Global food prices have once again fallen to their lowest levels in over two years, thanks to abundant stocks of cooking oils and dairy products, despite ongoing concerns about the availability of essential staples from certain regions.
The Food and Agriculture Organization of the United Nations reported that a food-commodity cost index dropped by 2.1% last month due to lower demand and increased production of vegetable oils and milk. This index has declined by 24% since reaching its peak in March 2022 when grain exports were disrupted due to Russia’s invasion of Ukraine.
The decline in food prices has been significantly influenced by grains over the past year. The second consecutive robust wheat harvest in Russia has played a role in stabilizing prices, and Ukrainian grain exports have persisted despite the termination of a Black Sea grain agreement and multiple attacks on its ports. Additionally, the United States is expected to harvest nearly record-breaking corn crops, although there is concern that exceptionally high temperatures towards the end of the growing season could impact yields.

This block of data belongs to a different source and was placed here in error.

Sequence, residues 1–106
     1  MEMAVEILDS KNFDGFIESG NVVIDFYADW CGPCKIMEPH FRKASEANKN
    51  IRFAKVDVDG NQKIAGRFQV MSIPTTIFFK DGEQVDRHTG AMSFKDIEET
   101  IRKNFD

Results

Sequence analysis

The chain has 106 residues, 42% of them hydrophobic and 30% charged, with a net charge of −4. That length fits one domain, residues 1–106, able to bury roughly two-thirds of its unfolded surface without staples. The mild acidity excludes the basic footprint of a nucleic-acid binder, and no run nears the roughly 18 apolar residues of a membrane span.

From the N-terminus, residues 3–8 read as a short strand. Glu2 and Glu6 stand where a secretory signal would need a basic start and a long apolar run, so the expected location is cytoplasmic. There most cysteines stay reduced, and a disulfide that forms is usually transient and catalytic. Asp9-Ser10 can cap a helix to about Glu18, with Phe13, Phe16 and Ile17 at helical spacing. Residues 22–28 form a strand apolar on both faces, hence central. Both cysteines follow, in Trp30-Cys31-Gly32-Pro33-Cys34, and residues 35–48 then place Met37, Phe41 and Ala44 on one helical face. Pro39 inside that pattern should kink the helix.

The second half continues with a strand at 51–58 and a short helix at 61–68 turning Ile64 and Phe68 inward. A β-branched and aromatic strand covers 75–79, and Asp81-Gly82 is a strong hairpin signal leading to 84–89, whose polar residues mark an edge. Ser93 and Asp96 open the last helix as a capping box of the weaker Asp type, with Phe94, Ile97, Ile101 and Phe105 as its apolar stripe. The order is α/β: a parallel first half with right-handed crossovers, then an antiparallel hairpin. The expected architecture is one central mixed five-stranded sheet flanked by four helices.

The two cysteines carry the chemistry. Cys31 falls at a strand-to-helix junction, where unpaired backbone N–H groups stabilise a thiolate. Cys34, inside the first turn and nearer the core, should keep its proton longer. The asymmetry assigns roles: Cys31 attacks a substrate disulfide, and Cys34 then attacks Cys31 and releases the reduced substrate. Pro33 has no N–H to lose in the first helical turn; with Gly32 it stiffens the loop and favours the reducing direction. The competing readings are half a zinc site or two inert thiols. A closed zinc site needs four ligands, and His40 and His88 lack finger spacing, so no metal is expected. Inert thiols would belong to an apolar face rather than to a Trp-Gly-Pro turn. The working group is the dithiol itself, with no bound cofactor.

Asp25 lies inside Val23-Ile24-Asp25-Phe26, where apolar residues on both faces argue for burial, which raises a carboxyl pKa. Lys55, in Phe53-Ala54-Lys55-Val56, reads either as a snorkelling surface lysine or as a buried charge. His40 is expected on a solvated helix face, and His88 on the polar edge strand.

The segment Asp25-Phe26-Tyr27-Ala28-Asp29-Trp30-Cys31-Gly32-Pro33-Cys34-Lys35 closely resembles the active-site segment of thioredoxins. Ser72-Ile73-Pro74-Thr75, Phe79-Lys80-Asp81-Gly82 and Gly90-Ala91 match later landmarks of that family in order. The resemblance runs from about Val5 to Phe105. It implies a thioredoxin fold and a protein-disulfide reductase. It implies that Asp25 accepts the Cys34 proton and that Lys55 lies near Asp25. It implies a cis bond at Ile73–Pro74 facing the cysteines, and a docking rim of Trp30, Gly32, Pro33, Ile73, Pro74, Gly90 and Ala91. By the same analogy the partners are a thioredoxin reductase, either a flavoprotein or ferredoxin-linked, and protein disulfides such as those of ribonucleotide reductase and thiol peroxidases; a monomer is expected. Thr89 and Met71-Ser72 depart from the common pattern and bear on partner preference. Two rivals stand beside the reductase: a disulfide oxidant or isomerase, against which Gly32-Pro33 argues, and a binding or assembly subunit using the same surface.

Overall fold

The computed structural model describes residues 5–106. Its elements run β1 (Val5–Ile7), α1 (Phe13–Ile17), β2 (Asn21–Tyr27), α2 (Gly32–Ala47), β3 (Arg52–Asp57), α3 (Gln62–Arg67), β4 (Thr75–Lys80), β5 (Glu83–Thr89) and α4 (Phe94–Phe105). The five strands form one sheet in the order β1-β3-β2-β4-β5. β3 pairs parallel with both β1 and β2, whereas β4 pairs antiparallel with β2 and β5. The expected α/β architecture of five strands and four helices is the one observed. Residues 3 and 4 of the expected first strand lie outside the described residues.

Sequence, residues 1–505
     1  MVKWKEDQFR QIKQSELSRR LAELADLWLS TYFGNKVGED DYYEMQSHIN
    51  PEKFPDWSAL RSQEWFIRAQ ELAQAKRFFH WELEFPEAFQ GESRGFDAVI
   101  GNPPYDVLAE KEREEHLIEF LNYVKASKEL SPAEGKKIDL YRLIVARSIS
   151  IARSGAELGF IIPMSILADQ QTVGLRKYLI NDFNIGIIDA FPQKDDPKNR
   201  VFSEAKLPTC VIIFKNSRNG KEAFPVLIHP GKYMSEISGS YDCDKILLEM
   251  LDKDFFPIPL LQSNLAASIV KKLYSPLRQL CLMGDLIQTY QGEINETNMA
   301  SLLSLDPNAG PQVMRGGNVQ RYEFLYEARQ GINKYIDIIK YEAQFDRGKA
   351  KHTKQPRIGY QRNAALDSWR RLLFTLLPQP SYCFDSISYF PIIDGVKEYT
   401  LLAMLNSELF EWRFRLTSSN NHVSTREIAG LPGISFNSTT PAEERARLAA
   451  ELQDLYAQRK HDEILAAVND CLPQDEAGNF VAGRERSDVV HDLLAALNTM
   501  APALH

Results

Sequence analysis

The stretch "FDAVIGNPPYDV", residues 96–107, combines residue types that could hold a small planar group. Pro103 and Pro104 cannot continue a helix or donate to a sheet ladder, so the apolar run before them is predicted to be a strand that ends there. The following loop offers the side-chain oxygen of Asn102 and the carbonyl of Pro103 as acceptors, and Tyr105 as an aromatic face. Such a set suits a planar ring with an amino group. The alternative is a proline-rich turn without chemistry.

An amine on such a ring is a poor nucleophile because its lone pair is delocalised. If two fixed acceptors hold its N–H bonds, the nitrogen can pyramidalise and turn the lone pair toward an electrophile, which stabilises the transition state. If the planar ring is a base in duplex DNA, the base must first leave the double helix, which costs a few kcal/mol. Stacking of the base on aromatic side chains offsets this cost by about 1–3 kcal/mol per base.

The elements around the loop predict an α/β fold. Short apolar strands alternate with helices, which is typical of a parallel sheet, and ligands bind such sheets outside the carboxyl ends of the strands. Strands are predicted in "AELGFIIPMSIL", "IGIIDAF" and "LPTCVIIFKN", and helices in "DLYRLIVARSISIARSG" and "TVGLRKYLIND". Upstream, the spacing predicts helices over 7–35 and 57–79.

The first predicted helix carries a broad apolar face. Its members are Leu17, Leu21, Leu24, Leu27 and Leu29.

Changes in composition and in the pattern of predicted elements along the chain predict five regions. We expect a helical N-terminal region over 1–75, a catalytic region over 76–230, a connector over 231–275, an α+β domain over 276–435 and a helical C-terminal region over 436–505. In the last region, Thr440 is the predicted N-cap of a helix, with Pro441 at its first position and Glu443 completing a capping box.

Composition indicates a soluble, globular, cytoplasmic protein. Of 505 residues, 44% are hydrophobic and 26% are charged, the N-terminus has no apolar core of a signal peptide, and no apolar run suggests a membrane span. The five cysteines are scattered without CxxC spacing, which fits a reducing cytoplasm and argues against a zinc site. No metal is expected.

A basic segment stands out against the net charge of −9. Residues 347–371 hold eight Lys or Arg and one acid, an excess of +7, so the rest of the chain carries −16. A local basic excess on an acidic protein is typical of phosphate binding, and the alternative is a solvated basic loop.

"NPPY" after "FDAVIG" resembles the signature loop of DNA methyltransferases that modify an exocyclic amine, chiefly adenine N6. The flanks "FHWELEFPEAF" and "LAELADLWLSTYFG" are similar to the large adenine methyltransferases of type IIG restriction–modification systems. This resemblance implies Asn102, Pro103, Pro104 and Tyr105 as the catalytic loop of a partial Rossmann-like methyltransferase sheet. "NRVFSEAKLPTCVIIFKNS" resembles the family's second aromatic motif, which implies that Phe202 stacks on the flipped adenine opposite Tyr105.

Additionally, there are other concerns regarding the supply of essential food items. India has imposed export restrictions on rice, which is a crucial dietary staple for billions worldwide. This action has led to the rice index of the FAO reaching its highest nominal level in 15 years last month.
Severe weather patterns are impacting a range of crops, while food inflation continues to stay elevated in several countries due to increased energy and labor expenses. It’s important to note that the UN’s food price index represents the costs of globally-traded commodities, not retail prices.
The FAO reported that prices for dairy, vegetable oil, and meat all experienced declines of at least 3% last month. Additionally, the FAO’s measurement of grain prices also decreased, mainly due to a record corn harvest in Brazil. On the other hand, sugar prices saw an increase.